Janet Hill v. Bank of America, Inc.


Opinion issued by court as to Appellant Janet Hill. Decision: Affirmed. Opinion type: Non-Published. Opinion method: Per Curiam.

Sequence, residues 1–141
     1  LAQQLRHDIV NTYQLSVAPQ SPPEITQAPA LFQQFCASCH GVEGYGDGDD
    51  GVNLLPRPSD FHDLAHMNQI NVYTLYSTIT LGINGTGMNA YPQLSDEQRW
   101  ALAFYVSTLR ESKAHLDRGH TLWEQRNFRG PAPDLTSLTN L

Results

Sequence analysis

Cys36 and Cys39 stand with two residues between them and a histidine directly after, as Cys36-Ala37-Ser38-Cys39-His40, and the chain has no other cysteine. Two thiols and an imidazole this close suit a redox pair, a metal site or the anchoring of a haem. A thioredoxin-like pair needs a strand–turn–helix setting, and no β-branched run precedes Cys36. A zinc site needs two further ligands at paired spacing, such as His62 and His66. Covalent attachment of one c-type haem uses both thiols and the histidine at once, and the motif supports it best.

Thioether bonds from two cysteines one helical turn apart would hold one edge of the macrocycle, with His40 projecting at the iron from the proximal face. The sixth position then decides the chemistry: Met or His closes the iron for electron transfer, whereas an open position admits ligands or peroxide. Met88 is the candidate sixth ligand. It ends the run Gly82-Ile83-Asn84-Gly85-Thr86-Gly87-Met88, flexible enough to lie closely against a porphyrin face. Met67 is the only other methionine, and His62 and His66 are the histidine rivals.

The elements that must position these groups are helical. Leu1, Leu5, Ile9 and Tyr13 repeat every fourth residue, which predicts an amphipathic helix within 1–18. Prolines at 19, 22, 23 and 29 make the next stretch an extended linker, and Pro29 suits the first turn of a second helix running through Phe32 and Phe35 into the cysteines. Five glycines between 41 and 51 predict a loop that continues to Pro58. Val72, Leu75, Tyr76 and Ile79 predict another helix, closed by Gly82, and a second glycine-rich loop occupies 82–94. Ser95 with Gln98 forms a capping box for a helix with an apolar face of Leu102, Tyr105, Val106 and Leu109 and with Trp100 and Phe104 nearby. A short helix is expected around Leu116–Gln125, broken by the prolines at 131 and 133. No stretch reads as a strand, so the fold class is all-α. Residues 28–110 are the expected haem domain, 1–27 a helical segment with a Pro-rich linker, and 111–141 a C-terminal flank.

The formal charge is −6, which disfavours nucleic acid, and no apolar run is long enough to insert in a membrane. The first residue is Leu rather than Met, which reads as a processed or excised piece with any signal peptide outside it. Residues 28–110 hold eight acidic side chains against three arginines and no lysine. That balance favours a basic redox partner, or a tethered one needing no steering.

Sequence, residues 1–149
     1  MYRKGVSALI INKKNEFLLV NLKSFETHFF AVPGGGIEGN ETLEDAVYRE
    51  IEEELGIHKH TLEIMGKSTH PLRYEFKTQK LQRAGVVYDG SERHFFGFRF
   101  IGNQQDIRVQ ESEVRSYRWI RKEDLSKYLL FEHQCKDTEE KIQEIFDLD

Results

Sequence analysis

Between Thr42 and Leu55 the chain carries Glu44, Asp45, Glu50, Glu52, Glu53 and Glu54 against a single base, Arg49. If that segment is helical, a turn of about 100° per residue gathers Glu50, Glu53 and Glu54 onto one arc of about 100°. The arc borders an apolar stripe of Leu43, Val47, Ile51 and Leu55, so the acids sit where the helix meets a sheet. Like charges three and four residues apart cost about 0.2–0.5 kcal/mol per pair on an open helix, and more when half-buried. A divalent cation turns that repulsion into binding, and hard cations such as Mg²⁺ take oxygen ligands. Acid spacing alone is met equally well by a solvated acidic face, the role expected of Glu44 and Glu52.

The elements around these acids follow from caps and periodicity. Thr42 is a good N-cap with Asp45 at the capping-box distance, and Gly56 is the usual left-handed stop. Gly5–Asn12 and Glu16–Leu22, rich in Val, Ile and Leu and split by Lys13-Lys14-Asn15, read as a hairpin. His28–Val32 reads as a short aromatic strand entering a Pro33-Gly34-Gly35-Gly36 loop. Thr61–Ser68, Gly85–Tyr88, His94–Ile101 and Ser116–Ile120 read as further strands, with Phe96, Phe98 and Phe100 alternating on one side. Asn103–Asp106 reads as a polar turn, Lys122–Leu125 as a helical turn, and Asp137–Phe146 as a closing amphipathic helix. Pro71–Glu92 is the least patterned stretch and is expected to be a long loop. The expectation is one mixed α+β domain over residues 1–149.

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Case: 12-11740 Date Filed: 03/12/2013 Page: 1 of 7 [DO NOT PUBLISH] IN THE UNITED STATES COURT OF APPEALS FOR THE ELEVENTH CIRCUIT ________________________ No. 12-11740 Non-Argument Calendar ________________________ D.C. Docket No. 1:11-cv-02991-JOF JANET HILL, Plaintiff - Appellant, versus BANK OF AMERICA, INC., Defendant - Appellee. ________________________ Appeal from the United States District Court for the Northern District of Georgia ________________________ (March 12, 2013) Before TJOFLAT, PRYOR and MARTIN, Circuit Judges. PER CURIAM: Janet Hill appeals the district court’s dismissal of her complaint against Bank of America (BOA) for actions related to her mortgage with the bank. The Case: 12-11740 Date Filed: 03/12/2013 Page: 2 of 7 district court reviewed Hill’s original complaint as well as her amended complaint. The district court also noted Hill’s intervening attempt to amend her complaint, when she failed to attach any proposed complaint. The district court found the initial complaint failed to state a claim and the first attempt to amend was deficient for failing to attach a proposed amended complaint. While the district court granted Hill’s motion for leave to amend, it found the proposed amended complaint to be deficient as well. The court dismissed the action with prejudice because “[b]ased on [Hill’s] counsel’s first three efforts at drafting a complaint, the court ha[d] no reason to believe that any additional opportunity to amend would be more fruitful.” Hill’s argument on appeal is that the district court was wrong to dismiss her complaint with prejudice, i.e. without further leave to amend. I. Hill filed her first complaint in the Superior Court of Fulton County on July 29, 2011. BOA removed the action to federal court. The complaint asserted that Hill got a mortgage from “Country Wide Home Loan” in October of 2005 for $464,000. In early 2009, Hill learned about “a federal mortgage relief program called [the] Making Home[s] Affordable Program.” Apparently, Hill applied to BOA to join the program, “[b]ut, instead of offering to lower her payments, they offered to increase her payments which certainly [was] contrary to the purpose and intent of the program.” By January of 2010, Hill got notice from BOA that she 2 Case: 12-11740 Date Filed: 03/12/2013 Page: 3 of 7 was delinquent on her payments and that her home would be foreclosed on in March. Hill claims she wrote BOA in October of 2010 requesting a loan modification. She says she received a letter thanking her for participation in the loan modification program, but nothing else happened. In February of 2011, she submitted another loan modification application but it was denied and she later got an e-mail saying the loan was in underwriting. The complaint goes on to explain “[o]n May 3, 2011[,] Plaintiff [r]equested to confirm default amount $511,000. Notice foreclosure anticipated.” Hill later received notice that her loan was “in its final stage for Trial Payment Notification” and was told that the loan was “waiting for Trial Payment.” After setting out these facts, Hill alleges that: the offer to Plaintiff to modify the loan was accepted when she submitted her application. BOA had an obligation to promptly attend to it and to guide Plaintiff through the process. When she was told not to make the December and January payments, which was contrary to the plan, BOA breached the contract between the parties. “Count Two” of the complaint makes a claim for “deceptive trade practices.” 1 For this Count, Hill complains that BOA did not honor its verbal promises and lost her written materials. 1 The complaint never specifies a “Count One.” 3 Case: 12-11740 Date Filed: 03/12/2013 Page: 4 of 7 Once in federal court, BOA moved to dismiss under Federal Rule of Civil Procedure 12(b)(6). BOA argued that Hill violated Rule 8(a) because her complaint failed to provide a short, plain statement of the claims. BOA also argued that insofar as Hill alleged breach of contract claims, her claims would fail under Georgia’s Statute of Frauds requiring that land contracts be in writing. And finally, BOA argued that the Georgia Fair Business Practices Act does not apply to residential mortgage transactions. After filing a short response to BOA’s motion asking the court to construe her complaint to do “substantial justice,” Hill moved to amend her complaint but failed to provide an amended complaint, as is required. See Long v. Satz, 181 F.3d 1275, 1279 (11th Cir. 1999). Hill then filed another motion for leave to amend, this time attaching a new amended complaint in which she purported to add as many as eight more defendants who engaged in a “pattern and practice of deceptive conduct” in violation of Georgia’s Deceptive Trade Practices Act, O.C.G.A. §§ 10-1-137 et seq. II. We review de novo a district court’s Rule 12(b)(6) dismissal of a case. Catron v. City of St. Petersburg, 658 F.3d 1260, 1264 (11th Cir. 2011). We review for abuse of discretion the denial of a motion for leave to amend the complaint. 4 Case: 12-11740 Date Filed: 03/12/2013 Page: 5 of 7 Covenant Christian Ministries, Inc. v. City of Marietta, Ga., 654 F.3d 1231, 1239 (11th Cir. 2011). A complaint must contain “a short and plain statement of the claim showing that the pleader is entitled to relief.” Fed. R. Civ. P. 8(a)(2). As the Supreme Court made clear in Bell Atl. Corp. v. Twombly, 550 U.S. 544, 127 S. Ct. 1955 (2007), and Ashcroft v. Iqbal, 556 U.S. 662, 129 S. Ct. 1937 (2009), a plaintiff’s complaint must be “plausible” in that it must plead facts that support a reasonable inference that there has been some wrongdoing. Twombly, 550 U.S. at 570, 127 S. Ct. at 1974, Iqbal, 556 U.S. at 678, 129 S. Ct. at 1949. Under Federal Rule of Civil Procedure 15(a)(2), “[t]he court should freely give leave [to amend] when justice so requires.” Fed. R. Civ. P. 15(a)(2). Where a litigant fails to provide the court with the amendment it proposes, however, a court does not abuse its discretion by denying leave to amend. Long, 181 F.3d at 1279– 80. A court may also deny leave to amend where the plaintiff fails to show that the amended complaint satisfies Rule 8(a). United States ex rel. Atkins v. McInteer, 470 F.3d 1350, 1362 (11th Cir. 2006). Thus, there are situations in which courts “[do] not abuse [their] discretion by dismissing . . . complaint[s] with prejudice, i.e., without leave to amend.” Id. III. 5 Case: 12-11740 Date Filed: 03/12/2013 Page: 6 of 7 Hill argues that she should have been allowed leave to amend her complaint again, and further that the court should have given her “instructions to correct the deficiencies.” Hill argues her complaint “should not have been dismissed for failure to state a claim unless it appeared beyond a doubt that she could not have proven through any set of facts to support her claim that would entitle her to relief.” Hill’s arguments are without merit. First, she fails to provide legal authority to support the idea that a Court can never dismiss with prejudice a complaint after three unsuccessful attempts to meet Rule 8(a)’s very low threshold. Indeed, we have precedent to the contrary. See, e.g., Long, 181 F.3d at 1279–80; McInteer, 470 F.3d at 1362. Second, to the extent that Hill suggests that the district court did not review her amended complaint, she is clearly incorrect. Indeed, the district court reviewed Hill’s “motion to amend complaint and for leave to file amended complaint” and said so: “[t]he court has reviewed Plaintiff’s proposed amended complaint.” It simply found the amended complaint to be as deficient as the first one. Third, our de novo review of the initial complaint and the amended complaint brings us to the same conclusion as the district court: that the complaints should be dismissed for failure to state a claim. The district court got it right when it said “that [Hill’s] initial complaint was wholly insufficient in the manner in 6 Case: 12-11740 Date Filed: 03/12/2013 Page: 7 of 7 which it pled facts and alleged causes of action” and that the proposed amended complaint was similarly deficient, merely “contain[ing] sweeping generalizations about the sufficiency of mortgage servicing operations of the proposed defendants” and “mak[ing] not one specific allegation about Plaintiff, Janet Hill, and what happened to her loan or her application.” As such, it was properly dismissed for failure to state a claim. Based on our de novo review of Hill’s filings, we affirm the district court’s dismissal of this action. AFFIRMED. 7